The United Nations defines disaster as the occurrence of sudden or major misfortune and it affects the fundamental fabric and usual functioning of the various sections of the society. Section 2 (d) of DM act 2005 defines disaster as a catastrophe, mishap, calamity or grave occurrence in any area, arising from natural or manmade causes, or by accident or any kind of carelessness leads to the loss of human life and severe injury to property and environment at large. Occurrences of these states of affairs have exceeded beyond tolerance with a greater effect of the magnitude of flood deluge in Kerala, a state that is highly vulnerable to natural disasters and vagaries of environment. And this is due to the proximal sea cost and a steep gradient across the Western Ghats. The 39 types of disastrous hazards as per KSDMA 2016 can well be analyzed as given below:
Table.1 Area vulnerable to hazards in Kerala
|Hazards||No of taluks||Susceptible area(km2)||Population exposed|
Source: KSDMA, 2016
Following heavy rains over the first week of August floods are becoming an annual affair causing a death toll far beyond imagination and 12140 injured people with many more people who are reported missing, feared trapped under mud and debris at Kavalappara in Malappuram District and Puthumala.
What is a hazard? How is it classified?
The word “Hazard” originated from “hasard” in old French language and “az-zahr” in Arabic means ‘chance’ or ‘luck’.
It can be categorized as follows:-
1. Natural (caused by natural phenomena)
- Earthquake:-The most dangerous natural hazard which occurs suddenly or at times with a slight warning that can kill everything within a blink of an eye. It not only causes destruction but also de stabilizes the whole structure including the inhabitants to the social structure of the country. But what are really Earthquakes? The sudden shaking of the earth’s crust which makes it hard to predict.
The main causes of earthquakes fall into five categories:
1. Volcanic Eruptions
2. Tectonic Movements
3. Geological Faults
4. Man made
5. Minor Causes
- Tsunami:-The word owes its origin from the Japanese word ‘Tzu’ means ‘harbor’ and ‘nami’ means ‘waves’, popularly known as tidal waves but in fact it has nothing to do with the tides. These waves affect distant shore which is originated by the rapid displacement of water from the lake or sea either by seismic activity, landslides, volcanic eruption or large meteorite impacts. And the sea water is displaced with a violent motion and swells up that results in surging over with great destruction and effects may be destructive as well as unnoticeable.
- Cyclone:-In meteorological words, it is the rotation of volume of air in the low atmospheric pressure. They are also responsible for tornadoes and hurricanes.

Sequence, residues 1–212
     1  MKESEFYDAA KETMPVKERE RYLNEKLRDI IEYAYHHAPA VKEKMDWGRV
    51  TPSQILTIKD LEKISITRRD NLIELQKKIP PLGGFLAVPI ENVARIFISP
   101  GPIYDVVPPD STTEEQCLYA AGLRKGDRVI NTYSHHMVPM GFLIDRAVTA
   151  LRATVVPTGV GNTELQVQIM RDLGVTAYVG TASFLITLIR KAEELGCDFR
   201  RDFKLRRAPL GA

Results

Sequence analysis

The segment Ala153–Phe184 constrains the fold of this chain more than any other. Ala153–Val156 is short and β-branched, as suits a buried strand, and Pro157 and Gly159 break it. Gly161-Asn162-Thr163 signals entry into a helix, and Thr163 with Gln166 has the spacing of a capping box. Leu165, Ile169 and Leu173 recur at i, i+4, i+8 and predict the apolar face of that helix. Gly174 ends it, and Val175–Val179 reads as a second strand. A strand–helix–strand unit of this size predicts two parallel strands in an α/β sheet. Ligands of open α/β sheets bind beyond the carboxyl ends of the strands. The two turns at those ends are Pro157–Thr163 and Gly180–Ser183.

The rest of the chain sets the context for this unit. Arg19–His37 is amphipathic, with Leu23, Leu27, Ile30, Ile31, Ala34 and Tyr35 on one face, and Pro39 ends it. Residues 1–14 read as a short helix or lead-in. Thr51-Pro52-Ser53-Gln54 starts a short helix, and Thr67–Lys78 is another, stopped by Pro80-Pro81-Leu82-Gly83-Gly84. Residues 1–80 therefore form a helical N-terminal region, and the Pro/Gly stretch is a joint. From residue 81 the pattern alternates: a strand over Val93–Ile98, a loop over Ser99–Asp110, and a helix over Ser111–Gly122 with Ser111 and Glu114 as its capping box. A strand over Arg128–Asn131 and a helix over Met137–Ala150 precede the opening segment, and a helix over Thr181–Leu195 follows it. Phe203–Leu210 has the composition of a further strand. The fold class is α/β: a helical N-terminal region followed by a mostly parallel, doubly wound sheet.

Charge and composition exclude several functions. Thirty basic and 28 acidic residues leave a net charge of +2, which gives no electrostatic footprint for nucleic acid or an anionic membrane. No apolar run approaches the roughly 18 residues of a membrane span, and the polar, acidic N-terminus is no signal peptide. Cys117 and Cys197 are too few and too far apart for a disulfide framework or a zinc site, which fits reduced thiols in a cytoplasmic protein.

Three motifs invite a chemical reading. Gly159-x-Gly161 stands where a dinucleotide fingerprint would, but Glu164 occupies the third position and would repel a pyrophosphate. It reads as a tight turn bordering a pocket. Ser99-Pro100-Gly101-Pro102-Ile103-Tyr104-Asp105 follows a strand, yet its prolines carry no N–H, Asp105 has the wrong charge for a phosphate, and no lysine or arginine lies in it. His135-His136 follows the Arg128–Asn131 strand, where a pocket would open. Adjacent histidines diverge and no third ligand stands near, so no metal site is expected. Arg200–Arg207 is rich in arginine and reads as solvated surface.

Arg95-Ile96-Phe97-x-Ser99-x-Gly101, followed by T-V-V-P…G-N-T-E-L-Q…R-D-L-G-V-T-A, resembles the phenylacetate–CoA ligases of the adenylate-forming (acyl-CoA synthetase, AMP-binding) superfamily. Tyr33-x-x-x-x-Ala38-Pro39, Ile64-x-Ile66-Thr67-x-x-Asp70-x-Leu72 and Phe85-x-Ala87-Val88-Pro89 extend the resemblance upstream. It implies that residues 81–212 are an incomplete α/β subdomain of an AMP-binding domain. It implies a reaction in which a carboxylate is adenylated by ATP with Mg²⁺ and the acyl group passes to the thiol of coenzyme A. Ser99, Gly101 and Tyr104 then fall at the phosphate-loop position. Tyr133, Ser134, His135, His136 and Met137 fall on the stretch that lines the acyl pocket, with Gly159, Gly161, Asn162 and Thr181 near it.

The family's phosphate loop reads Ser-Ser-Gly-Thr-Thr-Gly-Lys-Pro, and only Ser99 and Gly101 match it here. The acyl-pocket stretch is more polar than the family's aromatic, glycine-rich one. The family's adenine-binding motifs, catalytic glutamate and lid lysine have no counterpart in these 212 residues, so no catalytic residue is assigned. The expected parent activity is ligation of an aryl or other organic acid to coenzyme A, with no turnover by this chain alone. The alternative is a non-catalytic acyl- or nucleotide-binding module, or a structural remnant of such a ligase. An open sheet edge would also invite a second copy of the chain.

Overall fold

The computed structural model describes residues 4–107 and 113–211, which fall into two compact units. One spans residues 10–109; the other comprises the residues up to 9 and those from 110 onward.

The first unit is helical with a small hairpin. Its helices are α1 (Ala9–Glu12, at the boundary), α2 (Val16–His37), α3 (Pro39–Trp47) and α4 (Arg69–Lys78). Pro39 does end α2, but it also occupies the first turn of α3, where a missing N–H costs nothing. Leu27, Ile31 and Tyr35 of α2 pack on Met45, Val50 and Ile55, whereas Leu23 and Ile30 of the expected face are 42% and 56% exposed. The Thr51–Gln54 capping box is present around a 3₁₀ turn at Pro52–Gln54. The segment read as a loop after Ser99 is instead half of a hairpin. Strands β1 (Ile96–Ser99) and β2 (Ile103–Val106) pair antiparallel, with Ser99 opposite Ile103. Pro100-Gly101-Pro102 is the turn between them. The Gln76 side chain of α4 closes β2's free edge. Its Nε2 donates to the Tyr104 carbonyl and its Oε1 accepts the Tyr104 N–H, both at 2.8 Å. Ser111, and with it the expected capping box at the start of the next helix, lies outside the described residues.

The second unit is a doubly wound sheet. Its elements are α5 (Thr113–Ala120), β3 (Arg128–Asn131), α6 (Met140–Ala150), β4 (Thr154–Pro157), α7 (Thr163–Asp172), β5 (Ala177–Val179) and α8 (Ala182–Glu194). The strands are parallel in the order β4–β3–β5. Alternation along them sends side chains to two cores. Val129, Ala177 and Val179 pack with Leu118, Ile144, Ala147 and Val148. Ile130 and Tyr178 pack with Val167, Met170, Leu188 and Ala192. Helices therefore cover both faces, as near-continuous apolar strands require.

Types of cyclones are tropical cyclones, extra tropical cyclones, mid-latitude cyclones etc.
- Flood:-The overflow of water through a river channel or the coast which ultimately results in inundation of the land where you have no choice to go because of the rise of water. It can occur in all depths from couple of inches to many feet. The causes of flood are broken levees or dams, repeated rainfall or slow moving rain etc. It can be deadly and remarkable. It can happen in a few minutes, hours, days, or over weeks but it is calamitous. Just six inches of water can knock a person off their feet. Just two feet of water can carry a car away.
- Drought:-The condition in which an area receives less than the normal or adequate amount of rain which may be over months to years. It is natural event caused by El-Niño and other high pressure systems. Also diversion of rivers and deforestation can lead to drought. It is a calamity that takes place in slow pace but may last from months to years after the rain resumes.
- Landslide:-The movement caused by rocks, soils or artificial fills or combination of all these along the surface of separation by falling, sliding, and flowing which might be quick from one to other. It can also be defined as downward or the upward movement of slope forming materials. The causes can be geologically weak material, erosion, heavy rainfall, human excavation etc.
2. Man made (happens due to human negligence)
And the list goes on and on .Most occurs frequently while other take place occasionally.
Table 2 – Various types of hazards
|Geological||1.Earthquake 2.Tsunami 3.Volcanic Eruption||4.Landslide 5.Dam burst 6.Mine fire|
|Water and climate||1.Tropical cyclone 2.tornado and hurricane 3.floods 4.drought 5.Hailstorm||6.cloudburst 7.Landslide 8.Heat and cold wave 9.snow avalanche 10.sea erosion|